Home » Louisville mayor ban on camping in public green spaces smaller than 3 acres

Louisville mayor ban on camping in public green spaces smaller than 3 acres

LOUISVILLE, Ky. (May 8, 2011) – Mayor Greg Fischer has proposed an ordinance banning camping in public green spaces under three acres, citing the damage it can cause and the limit of access it creates for the public.

Councilmembers Madonna Flood and Rick Blackwell have agreed to co-sponsor the ordinance, which will have its first reading Thursday, according to a press release from the mayor’s office.

The Occupy Louisville encampment exposed a loophole in the city’s regulations, Fischer said. Though camping is not permitted in Metro Parks by ordinance, the same rules do not apply to green spaces around Louisville that are public spaces but not considered Metro Parks.

The recent camping by Occupy Louisville at Founders Square, at 5th and Muhammad Ali Boulevard, helped to illustrate the point, the mayor said. Though the Occupiers voluntarily left the space after the city announced plans to close the camp, there was no law on the books that specifically prevented anyone from camping at any time. While Founders Square was occupied, it limited access by the general public.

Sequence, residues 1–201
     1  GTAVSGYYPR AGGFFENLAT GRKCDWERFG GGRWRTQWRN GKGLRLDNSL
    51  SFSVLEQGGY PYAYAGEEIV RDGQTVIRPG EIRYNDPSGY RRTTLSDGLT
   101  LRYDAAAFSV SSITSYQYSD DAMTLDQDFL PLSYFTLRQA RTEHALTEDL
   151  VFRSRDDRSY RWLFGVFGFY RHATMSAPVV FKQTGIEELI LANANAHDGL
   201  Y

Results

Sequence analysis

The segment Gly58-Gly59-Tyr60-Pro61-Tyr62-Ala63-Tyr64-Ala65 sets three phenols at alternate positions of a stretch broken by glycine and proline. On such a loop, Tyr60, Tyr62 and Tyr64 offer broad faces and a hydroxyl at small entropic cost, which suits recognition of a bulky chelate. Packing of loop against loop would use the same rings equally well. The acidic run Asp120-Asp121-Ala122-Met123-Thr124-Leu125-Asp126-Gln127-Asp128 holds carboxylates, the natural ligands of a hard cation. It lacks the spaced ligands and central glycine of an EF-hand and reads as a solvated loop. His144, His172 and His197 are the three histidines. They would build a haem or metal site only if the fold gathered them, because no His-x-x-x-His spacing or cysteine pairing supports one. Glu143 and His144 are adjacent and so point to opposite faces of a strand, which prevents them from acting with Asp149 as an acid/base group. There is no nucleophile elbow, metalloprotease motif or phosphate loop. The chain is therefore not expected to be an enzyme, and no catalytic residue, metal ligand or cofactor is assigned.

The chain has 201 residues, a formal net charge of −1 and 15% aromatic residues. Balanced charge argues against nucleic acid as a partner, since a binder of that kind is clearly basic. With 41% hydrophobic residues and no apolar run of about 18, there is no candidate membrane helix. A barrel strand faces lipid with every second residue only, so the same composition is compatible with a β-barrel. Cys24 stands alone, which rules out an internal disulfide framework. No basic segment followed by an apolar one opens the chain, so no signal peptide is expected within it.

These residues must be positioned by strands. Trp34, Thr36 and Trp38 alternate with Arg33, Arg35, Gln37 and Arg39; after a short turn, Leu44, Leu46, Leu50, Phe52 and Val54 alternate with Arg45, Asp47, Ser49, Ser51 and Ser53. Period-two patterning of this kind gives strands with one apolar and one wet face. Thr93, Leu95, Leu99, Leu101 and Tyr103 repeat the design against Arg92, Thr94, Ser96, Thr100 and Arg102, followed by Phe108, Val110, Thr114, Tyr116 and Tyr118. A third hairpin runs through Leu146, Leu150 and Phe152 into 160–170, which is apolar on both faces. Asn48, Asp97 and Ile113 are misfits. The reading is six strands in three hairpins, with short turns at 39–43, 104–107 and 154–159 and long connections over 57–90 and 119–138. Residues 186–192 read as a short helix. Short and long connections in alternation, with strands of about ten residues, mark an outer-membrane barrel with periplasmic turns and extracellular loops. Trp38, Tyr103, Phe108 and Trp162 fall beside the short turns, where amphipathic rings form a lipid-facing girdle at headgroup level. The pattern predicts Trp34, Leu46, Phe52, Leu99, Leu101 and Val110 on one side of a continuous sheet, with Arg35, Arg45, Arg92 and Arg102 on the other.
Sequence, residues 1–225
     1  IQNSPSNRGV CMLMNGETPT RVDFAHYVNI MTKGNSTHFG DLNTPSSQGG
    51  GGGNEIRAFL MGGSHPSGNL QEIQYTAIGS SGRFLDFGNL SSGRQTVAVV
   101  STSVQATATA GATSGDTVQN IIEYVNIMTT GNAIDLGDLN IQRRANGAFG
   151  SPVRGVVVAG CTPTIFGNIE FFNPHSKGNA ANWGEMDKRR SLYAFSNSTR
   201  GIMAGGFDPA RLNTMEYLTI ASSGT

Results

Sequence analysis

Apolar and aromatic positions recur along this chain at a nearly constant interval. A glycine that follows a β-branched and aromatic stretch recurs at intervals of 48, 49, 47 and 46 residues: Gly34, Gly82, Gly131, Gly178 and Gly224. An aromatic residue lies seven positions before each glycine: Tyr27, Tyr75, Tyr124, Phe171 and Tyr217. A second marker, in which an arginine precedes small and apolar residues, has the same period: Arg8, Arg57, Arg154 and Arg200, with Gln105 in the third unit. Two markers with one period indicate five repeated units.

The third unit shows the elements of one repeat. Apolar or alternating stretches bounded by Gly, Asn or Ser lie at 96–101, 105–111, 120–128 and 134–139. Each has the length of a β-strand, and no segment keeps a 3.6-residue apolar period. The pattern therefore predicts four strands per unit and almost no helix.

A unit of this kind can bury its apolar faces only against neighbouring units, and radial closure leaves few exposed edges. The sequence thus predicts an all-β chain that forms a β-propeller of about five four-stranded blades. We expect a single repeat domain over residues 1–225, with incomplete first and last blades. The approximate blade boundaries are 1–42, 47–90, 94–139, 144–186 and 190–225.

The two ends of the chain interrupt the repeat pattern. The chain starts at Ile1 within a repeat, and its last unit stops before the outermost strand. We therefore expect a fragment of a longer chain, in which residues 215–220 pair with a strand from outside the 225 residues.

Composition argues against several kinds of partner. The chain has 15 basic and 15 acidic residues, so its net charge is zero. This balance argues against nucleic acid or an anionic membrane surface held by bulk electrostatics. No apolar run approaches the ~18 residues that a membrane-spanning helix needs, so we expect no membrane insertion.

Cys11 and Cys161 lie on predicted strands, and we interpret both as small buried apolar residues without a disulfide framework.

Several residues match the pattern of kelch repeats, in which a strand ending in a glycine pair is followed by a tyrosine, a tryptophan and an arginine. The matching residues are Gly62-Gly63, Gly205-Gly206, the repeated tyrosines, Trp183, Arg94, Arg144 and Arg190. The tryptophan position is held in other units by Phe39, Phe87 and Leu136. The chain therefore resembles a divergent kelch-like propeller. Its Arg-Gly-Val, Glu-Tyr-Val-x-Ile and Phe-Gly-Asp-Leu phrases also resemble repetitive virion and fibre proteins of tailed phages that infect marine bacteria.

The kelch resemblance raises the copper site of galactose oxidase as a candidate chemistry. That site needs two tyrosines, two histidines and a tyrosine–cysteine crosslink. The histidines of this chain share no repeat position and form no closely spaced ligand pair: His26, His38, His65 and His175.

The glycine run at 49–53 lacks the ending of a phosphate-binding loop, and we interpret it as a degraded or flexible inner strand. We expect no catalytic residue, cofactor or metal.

The city had to spend $7,400 to clean the property and place new sod in the park, which re-opened last weekend.

The proposed ordinance would not permit camping in green spaces and open spaces under three acres. Current regulations would not change – citizens may still camp at the designated campground in Jefferson Memorial Forest and people may camp in green spaces larger than three acres, if a permit is issued by the Director of the Department of Public Works and Assets.

Even though camping will not be permitted in most of our city’s small green spaces, people may still protest and assemble to exercise their First Amendment rights, Fischer said.

“People will still have the right to assemble and protest in green spaces, but they will not be permitted to camp overnight,” Fischer said.